Great Still Life Art

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A good still then, is one that contains contrasts in objects, and great use of lighting to bring out form. Taking objects out of their normal context will make the viewer see the objects in a new light. Making the setting appear natural is not as easy as it looks. Some artists spend hours setting up a still life. If things do not work out, leave the objects where they are (use chalk marks as a reminder to their positioning if they have to be put away) and leave for a week or so to gain a fresh perspective.

Helpful Links on Still Life Oil Painting

The Objects in My Still Life Painting Look Flat

The still life artist may encounter problems with making objects look three dimensional. Vessels look flat, shadows look like holes and the fruit do not appear to inhabit three dimensional space. How can the artist paint a still life that suggests weight and mass within the painting?

Common Problems with Painting a Still Life

Tips on Still Life Art
Rachel Shirley
A still life often contains a diversity of objects, with different forms, textures and hues. In such cases, any manner of things could go wrong with a still life, but here is a list of the most common issues with still life painting.

Objects with ellipses such as vases, cups, urns, saucers, eggcups, teapots and wine glasses can be a real headache for novice artists, as the ellipses follow obscure rules. Ellipses are such a common problem I have dedicated a separate article to it.

  • Reflections on shiny objects and distortions through transparent items such as glass may end up looking muddled due to confusion regarding reflections, shadows and refractions.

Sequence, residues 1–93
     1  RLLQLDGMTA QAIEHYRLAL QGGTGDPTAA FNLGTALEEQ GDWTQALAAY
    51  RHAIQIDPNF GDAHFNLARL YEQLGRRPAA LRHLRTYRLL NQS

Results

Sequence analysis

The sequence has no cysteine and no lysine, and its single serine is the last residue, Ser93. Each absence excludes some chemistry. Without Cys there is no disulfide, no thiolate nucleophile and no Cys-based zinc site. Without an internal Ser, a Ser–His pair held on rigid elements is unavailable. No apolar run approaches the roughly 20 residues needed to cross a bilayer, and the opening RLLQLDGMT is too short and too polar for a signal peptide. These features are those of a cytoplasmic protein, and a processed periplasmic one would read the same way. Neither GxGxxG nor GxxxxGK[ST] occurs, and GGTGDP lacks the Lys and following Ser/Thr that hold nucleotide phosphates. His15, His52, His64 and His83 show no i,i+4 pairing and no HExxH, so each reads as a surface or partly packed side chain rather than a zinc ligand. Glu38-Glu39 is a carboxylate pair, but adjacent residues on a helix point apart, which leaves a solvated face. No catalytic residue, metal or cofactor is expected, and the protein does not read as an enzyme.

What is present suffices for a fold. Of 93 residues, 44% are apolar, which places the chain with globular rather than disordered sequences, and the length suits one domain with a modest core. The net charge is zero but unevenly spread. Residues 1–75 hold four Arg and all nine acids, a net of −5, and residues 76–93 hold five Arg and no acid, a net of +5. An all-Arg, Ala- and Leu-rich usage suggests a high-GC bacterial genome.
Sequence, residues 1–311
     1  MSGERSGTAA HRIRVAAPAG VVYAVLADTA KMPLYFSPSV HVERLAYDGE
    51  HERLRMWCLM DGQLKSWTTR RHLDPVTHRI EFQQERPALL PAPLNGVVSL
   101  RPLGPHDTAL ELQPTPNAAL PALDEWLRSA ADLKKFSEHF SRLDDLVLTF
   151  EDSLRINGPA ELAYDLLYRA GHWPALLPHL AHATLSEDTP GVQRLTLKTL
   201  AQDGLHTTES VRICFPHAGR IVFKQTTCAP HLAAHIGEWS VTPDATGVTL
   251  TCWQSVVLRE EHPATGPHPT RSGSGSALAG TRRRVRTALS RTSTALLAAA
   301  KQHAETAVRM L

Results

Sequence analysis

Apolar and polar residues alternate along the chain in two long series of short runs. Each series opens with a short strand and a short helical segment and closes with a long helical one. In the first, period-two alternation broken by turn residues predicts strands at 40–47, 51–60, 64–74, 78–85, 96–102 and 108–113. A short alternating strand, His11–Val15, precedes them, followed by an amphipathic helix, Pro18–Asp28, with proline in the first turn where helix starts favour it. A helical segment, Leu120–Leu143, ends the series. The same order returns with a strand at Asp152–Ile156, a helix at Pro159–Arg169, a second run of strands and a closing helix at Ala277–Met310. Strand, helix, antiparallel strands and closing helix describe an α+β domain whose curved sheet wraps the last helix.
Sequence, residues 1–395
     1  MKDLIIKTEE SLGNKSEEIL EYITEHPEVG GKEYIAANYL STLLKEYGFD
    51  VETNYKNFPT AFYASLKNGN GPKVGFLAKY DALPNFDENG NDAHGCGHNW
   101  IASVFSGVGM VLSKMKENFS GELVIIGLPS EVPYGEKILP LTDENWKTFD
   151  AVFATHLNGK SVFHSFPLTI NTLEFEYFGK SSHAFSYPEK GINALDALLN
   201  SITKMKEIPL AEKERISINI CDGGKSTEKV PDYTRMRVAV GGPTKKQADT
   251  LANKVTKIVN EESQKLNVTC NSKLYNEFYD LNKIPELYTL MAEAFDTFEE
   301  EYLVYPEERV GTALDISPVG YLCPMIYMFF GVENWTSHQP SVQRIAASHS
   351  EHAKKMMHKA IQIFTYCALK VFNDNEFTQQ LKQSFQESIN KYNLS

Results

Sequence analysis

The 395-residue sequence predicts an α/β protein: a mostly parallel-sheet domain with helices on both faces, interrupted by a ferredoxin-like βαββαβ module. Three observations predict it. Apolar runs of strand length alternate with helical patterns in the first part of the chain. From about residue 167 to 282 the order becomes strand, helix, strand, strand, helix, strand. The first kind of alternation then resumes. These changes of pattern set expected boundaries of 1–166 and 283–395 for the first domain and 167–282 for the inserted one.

• Expressing shadows as black with defined edges, making the still life painting appear to contain “holes.”
  • Allowing the light source to fall directly onto the objects, making them appear flat.
Still Life Objects in 3D Space

The beginner will benefit from keeping the still life setting simple, consisting of three objects or so. Glass, fruit and china presents different challenges for the artist when it comes to reflections and distortions. In such cases, forget what the objects are and break the setting down into an abstract jigsaw of shapes and colors. More about how to paint glass and reflections can be found on a link at the foot of this article.

How to Make a Still Life Look 3D

Placing the objects near a window and orientating the setting at ninety degrees from the light source will create an interesting interplay of light and shadow over the objects. Look out for odd-shaped shadows that pool over the table or over nearby objects.

How to Paint Shadows on Objects

One of the secrets to recreating form in still life objects is reflected light. Reflected light is light bouncing from a reflective surface into areas of shadow. Reflected light may illuminate shadow with many colors, including violets, blues or creams.